Value of Books

Prudence 8/5/2019

Before the printing press arrived in Europe, books were an item that the average person could not easily obtain. Books in that time were handwritten and definitely not cheap. By the 1500’s, books cost about 1/5 of what they did before the printing press. Sure they were a lot less, but still more than the average person could afford.

In the early 1500’s printing presses were still relatively new in Europe. One of the greatest thinkers of that time was Desiderius Erasmus Roterodamus, or better known today as just Erasmus. According to the trusted sources at Wikipedia (uh-hmm), Erasmus wasn’t a wealthy person. But what did he say he did with the money he acquired?

When I get a little money, I buy books; and if any is left, I buy food and clothes. -Erasmus

A few centuries later another notable scholar said something similar. In his autobiography, Benjamin Franklin wrote, “From a child I was fond of reading, and all the little money that came into my hands was ever laid out in books.” He went on to state that spending money on books was more important that spending money on food.

Even in Franklin’s time, books could have not been easily acquired. Yes, maybe easier than in Erasmus’ time, but nothing compared to today. Today, books are everywhere. Many are free or can be borrowed. You can get it in any way imaginable (print, digital, audio). There is information on almost anything your heart desires, all you have to do is Google it to point you in the direction you want to go.

This week, I was packing up my home office. Countless books were going into boxes. Some of the books, I may never get around to reading in my lifetime. Hopefully, that is not true of the ones on my Kindle.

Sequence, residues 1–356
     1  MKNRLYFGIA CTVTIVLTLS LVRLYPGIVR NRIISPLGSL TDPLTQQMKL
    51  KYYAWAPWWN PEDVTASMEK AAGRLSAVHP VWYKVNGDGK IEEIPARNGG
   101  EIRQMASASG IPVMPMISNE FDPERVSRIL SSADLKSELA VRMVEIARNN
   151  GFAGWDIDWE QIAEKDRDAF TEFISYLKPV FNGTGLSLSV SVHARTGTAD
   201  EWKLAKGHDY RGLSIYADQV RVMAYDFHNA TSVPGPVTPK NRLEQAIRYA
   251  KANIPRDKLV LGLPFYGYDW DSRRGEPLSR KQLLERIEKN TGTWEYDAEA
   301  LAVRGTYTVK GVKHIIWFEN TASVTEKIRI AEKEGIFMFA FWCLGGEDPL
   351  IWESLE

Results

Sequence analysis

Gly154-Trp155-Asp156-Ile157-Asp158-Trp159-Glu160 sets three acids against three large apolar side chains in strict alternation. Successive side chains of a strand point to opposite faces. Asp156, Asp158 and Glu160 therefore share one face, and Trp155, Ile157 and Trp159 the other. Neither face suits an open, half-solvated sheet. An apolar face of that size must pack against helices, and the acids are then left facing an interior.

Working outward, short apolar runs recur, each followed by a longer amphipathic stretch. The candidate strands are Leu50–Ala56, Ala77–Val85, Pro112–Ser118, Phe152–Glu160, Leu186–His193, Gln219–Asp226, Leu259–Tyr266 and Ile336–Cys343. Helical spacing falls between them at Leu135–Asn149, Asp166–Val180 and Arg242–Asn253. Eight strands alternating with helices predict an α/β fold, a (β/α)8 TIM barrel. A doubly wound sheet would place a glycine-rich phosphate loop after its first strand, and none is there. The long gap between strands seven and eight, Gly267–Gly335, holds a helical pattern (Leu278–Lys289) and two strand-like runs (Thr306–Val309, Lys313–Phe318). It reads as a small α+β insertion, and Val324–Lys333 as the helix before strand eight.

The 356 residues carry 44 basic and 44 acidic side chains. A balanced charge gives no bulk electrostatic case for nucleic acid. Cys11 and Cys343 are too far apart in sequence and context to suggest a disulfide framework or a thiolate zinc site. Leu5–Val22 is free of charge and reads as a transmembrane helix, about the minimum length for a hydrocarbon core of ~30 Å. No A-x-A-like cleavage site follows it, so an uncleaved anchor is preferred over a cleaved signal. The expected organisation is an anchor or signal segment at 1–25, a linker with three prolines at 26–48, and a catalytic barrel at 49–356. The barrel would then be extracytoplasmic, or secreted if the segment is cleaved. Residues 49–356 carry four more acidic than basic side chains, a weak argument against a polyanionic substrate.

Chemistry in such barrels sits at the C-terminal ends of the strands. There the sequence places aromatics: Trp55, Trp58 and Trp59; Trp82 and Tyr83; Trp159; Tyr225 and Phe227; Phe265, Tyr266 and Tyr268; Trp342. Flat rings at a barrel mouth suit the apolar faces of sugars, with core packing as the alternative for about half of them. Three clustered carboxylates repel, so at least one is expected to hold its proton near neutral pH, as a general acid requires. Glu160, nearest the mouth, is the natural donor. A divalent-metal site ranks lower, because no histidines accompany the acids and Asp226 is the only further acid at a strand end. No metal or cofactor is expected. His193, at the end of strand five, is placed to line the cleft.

For those that know me, they know I have a passion for reading. It has become a part of my identity. I like to read. If I am not paying attention, I can easily sit for hours engrossed in a novel. In my younger years, all I read was fiction. As I got older, my preference has turned to non-fiction only reserving fiction as a before bedtime routine.

Lately, I have started to wonder how all of this reading has helped me. I love to read books that teach valuable lessons. I believe they can in some way help me become a better person or live a more meaningful life. I consume one and then move on to another. Some I will read and afterwards wonder why I even wasted my time. Others leave their mark, but yet I still move on to the next. These are the ones that have me thinking that maybe I need to slow down. Absorb it. Maybe read it again or as Naval Ravikant suggested in his interview with Joe Rogan (#1309), stop and meditate on it. Would this not be of much more value?

The wisdom that I am pondering today goes back to the basics. Quality always wins over speed. At the beginning of every year, I lock in a goal number of books to read. Why does it matter if I am not getting anything from it? I need to slow down and soak it all in. And if I didn’t get it the first time, I need to go back and read it again

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